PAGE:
Save your time!
We can take care of your essay
  • Proper editing and formatting
  • Free revision, title page, and bibliography
  • Flexible prices and money-back guarantee
Place Order

The loyal and dutiful traits Nora possesses, makes her falsify a signature to acquire cash to treat her husband. Although, she lends money without Helmer’s permission which will be unacceptable to the husband, she keeps it as a secret. The greatest turning point here is when Krogstad threatens to reveal the secret to the husband, and she feels uneasy. When Helmer realizes the issue, he does nothing to defend the wife. When Krogstad takes back the note, Trovald is an affectionate companion once again. Nora then recognizes the real traits of his husband and decides to quit the relationship which meant humiliation and suffering only. She then finds no reason in living with a person who continuously positions his status and dignifies himself above his care and love for his wife. Hence, Helmer’s pretenses are not hidden anymore from Nora (Ibsen 60-78). This depicts the real turning point to self-individuality where Nora realizes it is time to build her self-identity because the husband is just dignifying himself, yet she remains degraded.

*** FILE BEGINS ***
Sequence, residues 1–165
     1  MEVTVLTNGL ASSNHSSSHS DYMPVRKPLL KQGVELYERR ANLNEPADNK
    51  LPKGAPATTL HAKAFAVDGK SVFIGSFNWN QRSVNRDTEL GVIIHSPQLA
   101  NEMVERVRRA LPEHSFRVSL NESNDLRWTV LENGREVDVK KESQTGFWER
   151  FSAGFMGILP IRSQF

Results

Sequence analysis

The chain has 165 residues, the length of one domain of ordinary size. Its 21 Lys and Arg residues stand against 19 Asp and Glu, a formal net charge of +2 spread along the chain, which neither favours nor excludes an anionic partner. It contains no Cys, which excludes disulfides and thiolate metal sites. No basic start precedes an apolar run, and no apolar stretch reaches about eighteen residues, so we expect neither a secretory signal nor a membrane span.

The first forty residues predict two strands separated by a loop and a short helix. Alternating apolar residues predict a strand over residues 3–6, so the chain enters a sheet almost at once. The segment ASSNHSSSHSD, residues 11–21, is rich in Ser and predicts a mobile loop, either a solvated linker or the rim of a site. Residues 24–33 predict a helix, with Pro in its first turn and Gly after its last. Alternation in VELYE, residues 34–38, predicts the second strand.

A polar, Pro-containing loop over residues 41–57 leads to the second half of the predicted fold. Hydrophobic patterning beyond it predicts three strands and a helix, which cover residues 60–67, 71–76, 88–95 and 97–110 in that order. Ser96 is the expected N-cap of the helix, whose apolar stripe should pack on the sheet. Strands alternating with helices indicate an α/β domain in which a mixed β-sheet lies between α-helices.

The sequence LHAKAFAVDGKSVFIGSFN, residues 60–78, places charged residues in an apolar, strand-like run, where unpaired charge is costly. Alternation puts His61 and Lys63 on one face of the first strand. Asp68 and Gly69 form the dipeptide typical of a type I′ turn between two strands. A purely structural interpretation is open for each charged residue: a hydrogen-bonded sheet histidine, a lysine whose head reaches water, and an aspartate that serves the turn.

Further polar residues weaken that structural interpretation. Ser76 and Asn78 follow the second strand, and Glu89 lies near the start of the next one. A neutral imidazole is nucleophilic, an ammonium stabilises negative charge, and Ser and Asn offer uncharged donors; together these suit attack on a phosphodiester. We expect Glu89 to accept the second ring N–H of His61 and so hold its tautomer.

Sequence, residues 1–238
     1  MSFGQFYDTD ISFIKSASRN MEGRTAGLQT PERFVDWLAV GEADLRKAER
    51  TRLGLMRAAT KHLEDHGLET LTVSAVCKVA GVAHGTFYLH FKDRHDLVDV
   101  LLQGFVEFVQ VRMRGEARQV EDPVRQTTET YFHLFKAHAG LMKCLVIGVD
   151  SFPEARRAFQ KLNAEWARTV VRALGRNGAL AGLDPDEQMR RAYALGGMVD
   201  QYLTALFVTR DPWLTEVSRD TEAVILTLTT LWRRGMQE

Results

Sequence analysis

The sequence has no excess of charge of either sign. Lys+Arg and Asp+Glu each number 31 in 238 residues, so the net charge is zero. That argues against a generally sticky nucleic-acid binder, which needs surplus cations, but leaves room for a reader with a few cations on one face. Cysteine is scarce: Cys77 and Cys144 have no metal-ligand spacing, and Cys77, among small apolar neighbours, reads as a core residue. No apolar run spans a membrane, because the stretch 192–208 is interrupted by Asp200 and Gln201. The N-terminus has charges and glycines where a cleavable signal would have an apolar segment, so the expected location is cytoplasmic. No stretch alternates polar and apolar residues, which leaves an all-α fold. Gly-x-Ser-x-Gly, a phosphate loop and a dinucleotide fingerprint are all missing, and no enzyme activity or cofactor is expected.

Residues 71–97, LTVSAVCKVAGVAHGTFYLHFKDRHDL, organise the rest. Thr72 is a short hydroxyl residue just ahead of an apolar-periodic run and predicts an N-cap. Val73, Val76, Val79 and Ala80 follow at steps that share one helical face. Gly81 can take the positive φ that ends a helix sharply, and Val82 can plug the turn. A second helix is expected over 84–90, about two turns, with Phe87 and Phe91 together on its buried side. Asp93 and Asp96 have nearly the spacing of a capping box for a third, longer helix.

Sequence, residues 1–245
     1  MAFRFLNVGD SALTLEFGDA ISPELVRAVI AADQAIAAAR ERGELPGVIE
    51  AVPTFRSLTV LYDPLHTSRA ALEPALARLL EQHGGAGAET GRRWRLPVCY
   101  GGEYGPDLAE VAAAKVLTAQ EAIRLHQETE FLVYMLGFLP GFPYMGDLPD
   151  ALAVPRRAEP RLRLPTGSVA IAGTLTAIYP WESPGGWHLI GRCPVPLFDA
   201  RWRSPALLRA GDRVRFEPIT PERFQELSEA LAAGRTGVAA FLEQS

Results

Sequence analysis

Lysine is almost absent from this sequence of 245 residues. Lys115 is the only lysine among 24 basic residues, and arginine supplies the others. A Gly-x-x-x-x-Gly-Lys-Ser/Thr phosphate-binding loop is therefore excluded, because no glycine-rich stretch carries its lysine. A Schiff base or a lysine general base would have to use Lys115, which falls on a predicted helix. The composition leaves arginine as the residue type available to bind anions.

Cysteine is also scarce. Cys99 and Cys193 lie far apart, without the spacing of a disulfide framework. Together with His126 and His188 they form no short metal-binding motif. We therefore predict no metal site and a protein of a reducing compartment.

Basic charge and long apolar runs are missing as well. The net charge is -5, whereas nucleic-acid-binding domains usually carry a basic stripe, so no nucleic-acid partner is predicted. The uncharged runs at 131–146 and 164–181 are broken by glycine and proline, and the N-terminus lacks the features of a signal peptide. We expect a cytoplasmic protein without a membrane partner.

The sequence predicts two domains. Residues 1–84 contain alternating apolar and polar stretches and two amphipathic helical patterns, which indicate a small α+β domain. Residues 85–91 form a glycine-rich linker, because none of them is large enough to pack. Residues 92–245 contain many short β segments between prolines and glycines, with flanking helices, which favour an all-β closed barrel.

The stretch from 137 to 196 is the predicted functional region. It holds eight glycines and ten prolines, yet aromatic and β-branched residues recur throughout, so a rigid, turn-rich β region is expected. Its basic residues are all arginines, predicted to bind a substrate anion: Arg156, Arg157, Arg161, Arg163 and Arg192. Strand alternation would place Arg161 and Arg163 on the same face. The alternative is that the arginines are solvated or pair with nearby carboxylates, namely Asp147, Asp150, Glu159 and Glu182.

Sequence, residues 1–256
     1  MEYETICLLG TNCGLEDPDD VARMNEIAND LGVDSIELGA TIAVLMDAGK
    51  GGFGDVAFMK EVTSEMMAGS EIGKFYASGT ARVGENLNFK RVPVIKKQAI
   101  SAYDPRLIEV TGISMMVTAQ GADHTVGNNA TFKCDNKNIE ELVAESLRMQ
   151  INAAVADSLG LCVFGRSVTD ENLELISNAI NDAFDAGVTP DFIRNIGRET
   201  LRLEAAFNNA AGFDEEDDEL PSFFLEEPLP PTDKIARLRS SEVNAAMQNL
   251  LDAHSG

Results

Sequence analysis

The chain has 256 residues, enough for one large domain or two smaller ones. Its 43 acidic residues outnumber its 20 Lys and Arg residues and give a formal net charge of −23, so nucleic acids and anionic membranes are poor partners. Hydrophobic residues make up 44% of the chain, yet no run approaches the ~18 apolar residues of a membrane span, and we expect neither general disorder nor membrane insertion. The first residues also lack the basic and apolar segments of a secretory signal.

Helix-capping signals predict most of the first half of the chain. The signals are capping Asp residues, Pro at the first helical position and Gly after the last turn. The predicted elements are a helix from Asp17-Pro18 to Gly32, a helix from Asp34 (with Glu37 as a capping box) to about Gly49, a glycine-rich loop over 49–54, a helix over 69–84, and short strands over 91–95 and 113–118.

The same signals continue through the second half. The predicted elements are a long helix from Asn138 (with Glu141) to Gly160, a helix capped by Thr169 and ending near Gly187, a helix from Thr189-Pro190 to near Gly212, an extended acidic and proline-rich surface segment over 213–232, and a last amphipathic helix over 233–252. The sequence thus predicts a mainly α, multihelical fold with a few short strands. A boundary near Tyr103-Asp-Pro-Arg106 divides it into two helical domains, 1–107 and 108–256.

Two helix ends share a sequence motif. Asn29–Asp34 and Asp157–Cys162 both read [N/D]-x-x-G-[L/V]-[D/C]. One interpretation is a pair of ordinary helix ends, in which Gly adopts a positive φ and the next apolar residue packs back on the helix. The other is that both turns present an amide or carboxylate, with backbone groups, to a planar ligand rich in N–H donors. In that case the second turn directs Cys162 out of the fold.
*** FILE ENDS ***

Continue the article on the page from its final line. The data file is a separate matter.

The final and solemn conversation between Helmer and Nora in Act III of A Doll House portrays a reversal of roles and presentation of individuality explicitly. Here, Nora leads by compelling Helmer to see their marriage from an exclusively new angle. Nora’s argument of her stance discloses an instinctive acumen that made her conspire her harassment because this appeared as the simplest means to a relaxed individualized lifestyle. Having encountered the prickliest realities of moral, societal and spiritual puzzles that Helmer epitomizes, Nora’s love for her life and her energy come into the family (Ibsen 85). Thus, Nora decides not to love her husband anymore for he is not the Helmer, she assumed he was. Even though Helmer tries to convince her to stay, Nora does not believe in miracles anymore. She then hands back the wedding ring, their marriage symbol and leaves to go and claim complete independence. As the sound of a banged door vibrates, Nora escapes. She develops a rebellious character as the play ends, and this is precisely what Nora requires to assert her identity as well as be an individual (Ibsen 79-80). Hence, these events clearly clarify the true representation of individuality in the play A Doll House.